Thoughts on Nihilism and Individual Sovereignty (re-edited)

Where the Fathers found meaning in their unconscious struggle to liberate the Individual from the multitudinous responsibilities that epitomized our social and hierarchical origins, we, their children, find only a black and vacuous void: albeit a relatively black and subjectively vacuous void.


Nagging questions concerning one’s right and reason to exist – mere symptoms of nihilism and not the thing-in-itself.

Nihilism instead as the all-encompassing diagnosis of “the wholly atomized individual”: sovereign, but only to himself – though typically not even over himself.



the everywhere expression of man’s unintentional self-sovereignty.


Nihilism as the historical process of man’s complete and irrevocable liberation from “himself”, which is to say, the burden of others; particularly the emotional burdens that formerly moored and shaped those psycho-moral vestiges of which we are still beholden, burdens which can only be relieved if expressed in and through the unconscious bond with Others, now tragically impossible. 


Everything Modernity touches atomizes, compartmentalizes, separates, disintegrates; is undermined, defied, overthrown; disentangled, released, acquitted, absolved; made efficient, productive, catalytic and thus inessential, trivial, absurd – all to say “technical”: each and every nook and cranny of the earth and body of man made alien to its neighbor; made into bit, information, amalgamation, statistic.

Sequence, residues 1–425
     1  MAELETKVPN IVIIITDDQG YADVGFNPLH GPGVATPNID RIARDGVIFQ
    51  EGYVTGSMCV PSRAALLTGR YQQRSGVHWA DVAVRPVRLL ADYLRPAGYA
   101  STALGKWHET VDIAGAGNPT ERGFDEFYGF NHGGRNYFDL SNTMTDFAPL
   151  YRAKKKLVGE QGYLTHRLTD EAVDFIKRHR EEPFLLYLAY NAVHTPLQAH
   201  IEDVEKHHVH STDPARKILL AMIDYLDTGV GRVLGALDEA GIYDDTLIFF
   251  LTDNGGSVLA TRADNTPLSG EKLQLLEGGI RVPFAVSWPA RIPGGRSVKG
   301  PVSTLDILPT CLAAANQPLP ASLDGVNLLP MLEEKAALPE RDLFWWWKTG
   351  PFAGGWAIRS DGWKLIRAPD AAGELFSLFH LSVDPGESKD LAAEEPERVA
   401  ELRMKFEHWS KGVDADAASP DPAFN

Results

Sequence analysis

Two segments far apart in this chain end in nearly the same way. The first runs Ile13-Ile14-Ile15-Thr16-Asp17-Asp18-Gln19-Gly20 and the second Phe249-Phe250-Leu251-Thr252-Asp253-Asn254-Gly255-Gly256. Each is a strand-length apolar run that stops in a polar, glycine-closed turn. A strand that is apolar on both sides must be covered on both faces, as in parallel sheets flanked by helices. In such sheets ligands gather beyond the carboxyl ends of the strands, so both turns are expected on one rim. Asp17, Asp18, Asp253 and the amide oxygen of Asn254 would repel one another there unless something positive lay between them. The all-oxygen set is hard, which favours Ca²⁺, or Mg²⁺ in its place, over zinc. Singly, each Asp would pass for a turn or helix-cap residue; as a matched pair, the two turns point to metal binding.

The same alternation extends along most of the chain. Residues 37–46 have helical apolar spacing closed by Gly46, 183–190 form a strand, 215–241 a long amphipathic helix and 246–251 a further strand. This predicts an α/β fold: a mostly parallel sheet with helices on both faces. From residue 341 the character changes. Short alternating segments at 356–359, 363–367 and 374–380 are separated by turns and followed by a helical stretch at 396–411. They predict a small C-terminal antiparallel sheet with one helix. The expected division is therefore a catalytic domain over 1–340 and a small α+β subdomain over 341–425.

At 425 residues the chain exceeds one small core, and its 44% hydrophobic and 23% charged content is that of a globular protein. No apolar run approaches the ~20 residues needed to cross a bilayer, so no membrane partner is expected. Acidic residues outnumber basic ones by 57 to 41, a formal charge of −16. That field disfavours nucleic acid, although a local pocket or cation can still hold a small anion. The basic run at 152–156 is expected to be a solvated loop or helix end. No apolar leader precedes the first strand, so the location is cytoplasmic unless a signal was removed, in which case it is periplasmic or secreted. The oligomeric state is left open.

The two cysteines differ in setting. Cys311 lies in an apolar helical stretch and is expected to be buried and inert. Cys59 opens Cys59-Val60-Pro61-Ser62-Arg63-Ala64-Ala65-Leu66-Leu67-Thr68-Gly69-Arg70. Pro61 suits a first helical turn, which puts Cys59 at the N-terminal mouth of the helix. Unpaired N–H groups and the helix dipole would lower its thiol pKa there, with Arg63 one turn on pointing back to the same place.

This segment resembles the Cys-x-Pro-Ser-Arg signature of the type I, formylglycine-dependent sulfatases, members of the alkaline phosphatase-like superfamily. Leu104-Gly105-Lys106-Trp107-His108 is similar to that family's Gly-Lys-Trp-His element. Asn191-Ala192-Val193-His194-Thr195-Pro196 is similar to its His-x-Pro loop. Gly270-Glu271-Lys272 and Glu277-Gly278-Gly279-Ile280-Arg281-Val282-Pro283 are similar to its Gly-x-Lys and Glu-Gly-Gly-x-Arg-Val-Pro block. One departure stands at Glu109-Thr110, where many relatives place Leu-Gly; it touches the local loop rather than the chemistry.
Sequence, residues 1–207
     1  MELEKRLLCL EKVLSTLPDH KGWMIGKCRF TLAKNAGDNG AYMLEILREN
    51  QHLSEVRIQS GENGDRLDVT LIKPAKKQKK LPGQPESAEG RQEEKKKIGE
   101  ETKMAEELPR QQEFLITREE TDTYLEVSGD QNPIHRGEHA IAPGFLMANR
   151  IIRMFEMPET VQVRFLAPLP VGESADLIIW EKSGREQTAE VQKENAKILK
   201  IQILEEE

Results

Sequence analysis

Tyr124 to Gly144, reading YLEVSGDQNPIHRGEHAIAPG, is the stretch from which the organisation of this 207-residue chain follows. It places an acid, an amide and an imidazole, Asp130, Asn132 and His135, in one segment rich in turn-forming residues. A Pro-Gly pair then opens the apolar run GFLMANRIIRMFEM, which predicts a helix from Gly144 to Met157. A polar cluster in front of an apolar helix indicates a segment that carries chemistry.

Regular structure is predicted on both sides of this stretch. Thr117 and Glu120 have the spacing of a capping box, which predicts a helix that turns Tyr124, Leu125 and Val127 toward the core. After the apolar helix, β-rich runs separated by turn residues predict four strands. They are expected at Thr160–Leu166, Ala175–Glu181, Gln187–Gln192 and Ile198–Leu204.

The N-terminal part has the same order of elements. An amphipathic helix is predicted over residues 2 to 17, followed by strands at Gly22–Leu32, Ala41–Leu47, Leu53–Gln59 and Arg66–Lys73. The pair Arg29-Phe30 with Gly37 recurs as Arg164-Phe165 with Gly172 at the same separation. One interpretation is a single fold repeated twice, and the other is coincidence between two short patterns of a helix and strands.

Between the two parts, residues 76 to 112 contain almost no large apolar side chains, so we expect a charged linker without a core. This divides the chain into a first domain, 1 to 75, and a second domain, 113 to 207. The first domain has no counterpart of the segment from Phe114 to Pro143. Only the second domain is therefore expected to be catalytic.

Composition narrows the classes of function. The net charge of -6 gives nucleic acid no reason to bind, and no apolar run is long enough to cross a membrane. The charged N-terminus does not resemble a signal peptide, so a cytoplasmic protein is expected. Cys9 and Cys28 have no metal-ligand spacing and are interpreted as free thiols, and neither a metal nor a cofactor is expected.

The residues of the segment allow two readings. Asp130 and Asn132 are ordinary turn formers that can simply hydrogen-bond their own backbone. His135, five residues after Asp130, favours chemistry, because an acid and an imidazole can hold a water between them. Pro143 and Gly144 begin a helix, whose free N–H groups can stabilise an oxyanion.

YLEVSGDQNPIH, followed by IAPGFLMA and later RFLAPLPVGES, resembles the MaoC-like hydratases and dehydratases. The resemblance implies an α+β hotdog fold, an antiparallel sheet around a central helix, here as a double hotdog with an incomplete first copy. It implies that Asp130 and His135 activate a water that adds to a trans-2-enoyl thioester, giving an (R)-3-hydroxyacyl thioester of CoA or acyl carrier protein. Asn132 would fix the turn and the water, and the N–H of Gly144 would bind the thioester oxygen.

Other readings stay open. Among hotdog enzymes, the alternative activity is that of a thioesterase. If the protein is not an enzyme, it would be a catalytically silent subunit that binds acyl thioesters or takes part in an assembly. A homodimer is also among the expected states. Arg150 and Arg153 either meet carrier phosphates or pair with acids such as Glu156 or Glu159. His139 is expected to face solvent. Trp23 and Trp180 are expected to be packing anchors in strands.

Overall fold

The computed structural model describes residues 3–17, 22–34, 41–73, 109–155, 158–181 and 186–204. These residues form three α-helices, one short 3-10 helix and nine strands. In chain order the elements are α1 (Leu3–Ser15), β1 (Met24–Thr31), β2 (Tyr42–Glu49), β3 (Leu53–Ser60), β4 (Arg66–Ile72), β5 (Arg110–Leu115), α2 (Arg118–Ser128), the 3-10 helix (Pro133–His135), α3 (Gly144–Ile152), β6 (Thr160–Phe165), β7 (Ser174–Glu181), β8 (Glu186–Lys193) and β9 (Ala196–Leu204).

Everywhere the indefatigable “I” has triumphed, which is to say, been thought, felt and accentuated, universal meaning instantaneously perished, never to resuscitate.


If meaning is to attain the resonance that man endeavors to attach to it, resonance expressed beyond the lone individual who feels it only for and by himself; resonance which points to something higher, transcendent, “absolute and true”, one must not only accept his emotional dependence on others but be willing to embrace all the waste, inefficiency and toilsome duty that community necessarily entails. 


Ceaseless competition, as in the kind witnessed throughout the modern world, generally brings out the worst in man; the greater and more numerous the foe, the more wretched and ignoble one must descend not only to win but merely survive against those who are so willing. Any good, noble or worthy expression is indeed an exception in such a fight and in no place the rule. Where intense competition reigns nobility is, in fact, a liability, one that handicaps its adherents against certain actions that the dishonorable have at all times been willing to take, actions that in former times had always rendered that particular type of creature especially loathsome, but have now, via the “Massness” of our age, managed to bestow upon him a curious sense of admiration, even esteem in some cases.   

Who is Noble then but that quixotic fool who presupposes a certain set of “divinely-inspired” – and often inalterable – rules governing human relations; rules he wrongly assumes each combatant not only ought to obey, but most assuredly will, primarily because he does. For this reason has nobility never stood a chance against the swarthy and vile “men of the south”, they who have always been first to do “whatever it takes” to triumph; victory that in most cases can only be achieved by way of the complete and utter manipulation of said rules whom the noble erroneously believes he is honor-bound to uphold, however so changed.